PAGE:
A recent BBC One comedy called Tracey Ullman’s Show featured a sketch about librarians on the day their library is closing down. They tap dance because they don’t have to be quiet any more and sing “our arses sacked, no ifs or buts, by a bunch of Tory cuts.”
It’s worth a watch for the comedy, but there is also a dark truth underlying their jokes. Our libraries are shutting down at an alarming rate and library staff are losing their jobs.
In Derby, the council’s plan to close the central library and hand over eleven others to be run by volunteers has been met with anger. In Sheffield, campaigners are urging the council to reject a deal with a Chinese company that would lead to the city’s central library building being turned into a five-star hotel. And in Swindon, two thirds of libraries are to close by the end of August 2017.
Data released last December by The Chartered Institute of Public Finance and Accountancy (CIPFA) shows that spending on local libraries has fallen by £25 million and 478 libraries have closed across England, Scotland and Wales since 2010.
Last March, the BBC published research based on Freedom of Information requests that showed that almost 8,000 library staff have lost their jobs.
The thing is, libraries are legally protected. Since 1964 maintaining libraries has been a statutory duty for local authorities under the Public Libraries & Museums Act; so why are we losing our libraries?
The problem is funding for local government is being decimated and as a result many councils are choosing to axe libraries to save cash.
While some local councils are shutting libraries down, others are relying on more and more provision from volunteers, and others are handing over services to ‘communities’ to run or even outsourcing them to private providers.
Handing over libraries to be run by private providers runs even greater risks.
Private providers run public services for the purpose of making a profit, rather than to provide a service to all with equality of access. When profits are taken out of public services, they get worse, and this will happen to libraries. It also puts libraries at risk because the company could decide they don’t want to provide the service anymore.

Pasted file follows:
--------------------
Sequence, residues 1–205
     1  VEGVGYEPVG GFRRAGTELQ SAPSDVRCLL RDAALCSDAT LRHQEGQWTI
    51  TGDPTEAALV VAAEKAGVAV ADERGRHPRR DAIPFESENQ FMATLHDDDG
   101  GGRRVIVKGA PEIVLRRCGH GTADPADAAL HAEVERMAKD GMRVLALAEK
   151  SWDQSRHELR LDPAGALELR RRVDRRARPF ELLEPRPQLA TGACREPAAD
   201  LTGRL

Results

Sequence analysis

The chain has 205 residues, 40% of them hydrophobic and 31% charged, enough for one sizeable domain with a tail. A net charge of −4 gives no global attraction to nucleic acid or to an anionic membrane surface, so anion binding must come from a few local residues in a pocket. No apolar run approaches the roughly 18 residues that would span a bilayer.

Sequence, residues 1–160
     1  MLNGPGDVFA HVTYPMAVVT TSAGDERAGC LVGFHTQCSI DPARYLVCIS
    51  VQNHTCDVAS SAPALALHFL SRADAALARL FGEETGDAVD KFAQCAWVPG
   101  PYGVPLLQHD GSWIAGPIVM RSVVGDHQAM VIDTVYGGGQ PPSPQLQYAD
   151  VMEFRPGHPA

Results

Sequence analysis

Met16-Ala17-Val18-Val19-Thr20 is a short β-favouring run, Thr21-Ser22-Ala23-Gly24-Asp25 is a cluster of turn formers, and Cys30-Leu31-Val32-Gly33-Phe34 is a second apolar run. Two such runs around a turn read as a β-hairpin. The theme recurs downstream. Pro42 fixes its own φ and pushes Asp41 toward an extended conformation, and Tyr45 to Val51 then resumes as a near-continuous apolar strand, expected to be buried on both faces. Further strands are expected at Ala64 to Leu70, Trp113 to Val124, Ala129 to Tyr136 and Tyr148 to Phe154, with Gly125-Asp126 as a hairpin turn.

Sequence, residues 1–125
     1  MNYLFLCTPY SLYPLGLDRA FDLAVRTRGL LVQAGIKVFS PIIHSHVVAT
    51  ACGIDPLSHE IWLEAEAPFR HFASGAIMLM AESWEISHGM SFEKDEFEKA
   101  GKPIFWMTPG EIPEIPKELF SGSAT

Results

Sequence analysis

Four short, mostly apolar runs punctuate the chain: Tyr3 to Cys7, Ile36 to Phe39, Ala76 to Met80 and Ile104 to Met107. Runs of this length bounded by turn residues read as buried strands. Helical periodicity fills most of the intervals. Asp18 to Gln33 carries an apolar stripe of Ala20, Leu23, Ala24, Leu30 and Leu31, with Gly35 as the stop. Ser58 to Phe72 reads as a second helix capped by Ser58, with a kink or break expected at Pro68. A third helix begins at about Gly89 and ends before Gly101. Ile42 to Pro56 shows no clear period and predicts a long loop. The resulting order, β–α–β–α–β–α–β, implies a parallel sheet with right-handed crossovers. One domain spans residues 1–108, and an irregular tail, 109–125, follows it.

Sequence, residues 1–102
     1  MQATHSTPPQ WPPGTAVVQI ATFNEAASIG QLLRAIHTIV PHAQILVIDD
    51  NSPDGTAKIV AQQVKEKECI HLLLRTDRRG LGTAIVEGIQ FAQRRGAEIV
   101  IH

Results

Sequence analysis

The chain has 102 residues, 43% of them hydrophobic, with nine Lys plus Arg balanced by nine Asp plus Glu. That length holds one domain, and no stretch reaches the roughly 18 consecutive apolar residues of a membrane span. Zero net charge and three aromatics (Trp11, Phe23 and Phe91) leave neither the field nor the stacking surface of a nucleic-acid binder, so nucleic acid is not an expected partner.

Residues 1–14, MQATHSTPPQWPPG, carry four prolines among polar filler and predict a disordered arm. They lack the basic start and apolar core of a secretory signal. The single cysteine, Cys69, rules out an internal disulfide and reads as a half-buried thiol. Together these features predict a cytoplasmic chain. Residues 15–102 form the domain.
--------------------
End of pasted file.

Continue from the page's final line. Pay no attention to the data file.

Unfortunately the government is not working with unions and unions have no representation on the libraries task force, the group leading these changes to libraries.
The most recent government plan also talks about libraries turning into ‘mutuals’.
While small community groups like co-operatives have long played a role in complementing public services, this has predominantly been in niche areas through grant funding and many have struggled to survive long-term once financial and technical support has been withdrawn.
UNISON is very concerned about the push towards mutuals because it stems from an agenda to outsource mainstream public services rather than a genuine desire to maintain strong public services, empower workers and improve service quality.
Where mutuals are given library services to run, after three years the contract will have to go out to tender again, and at that point private providers could take the library over.
When UNISON members were asked, 68% disagreed or strongly disagreed with the statement that the public library service is best as a service provided by a charitable trust or mutual. Just 3% agreed or strongly agreed and 16% were undecided.
Library staff are losing out
As well as communities suffering because their libraries are closing, library staff have been taking home less pay.
What’s happening in your area?
Find your area on the map below to see how many libraries have closed in your area (data from the BBC in March 2016).
What is your experience?
Your local library
What is going on with your local library? Has it closed down? Are people campaigning to save it? Or is it going strong?